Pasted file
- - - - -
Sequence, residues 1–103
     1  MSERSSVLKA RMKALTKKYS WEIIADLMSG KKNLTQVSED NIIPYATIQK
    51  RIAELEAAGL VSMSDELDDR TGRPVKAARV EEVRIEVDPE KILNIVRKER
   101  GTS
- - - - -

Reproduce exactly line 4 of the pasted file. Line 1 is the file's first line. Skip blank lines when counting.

   101  GTS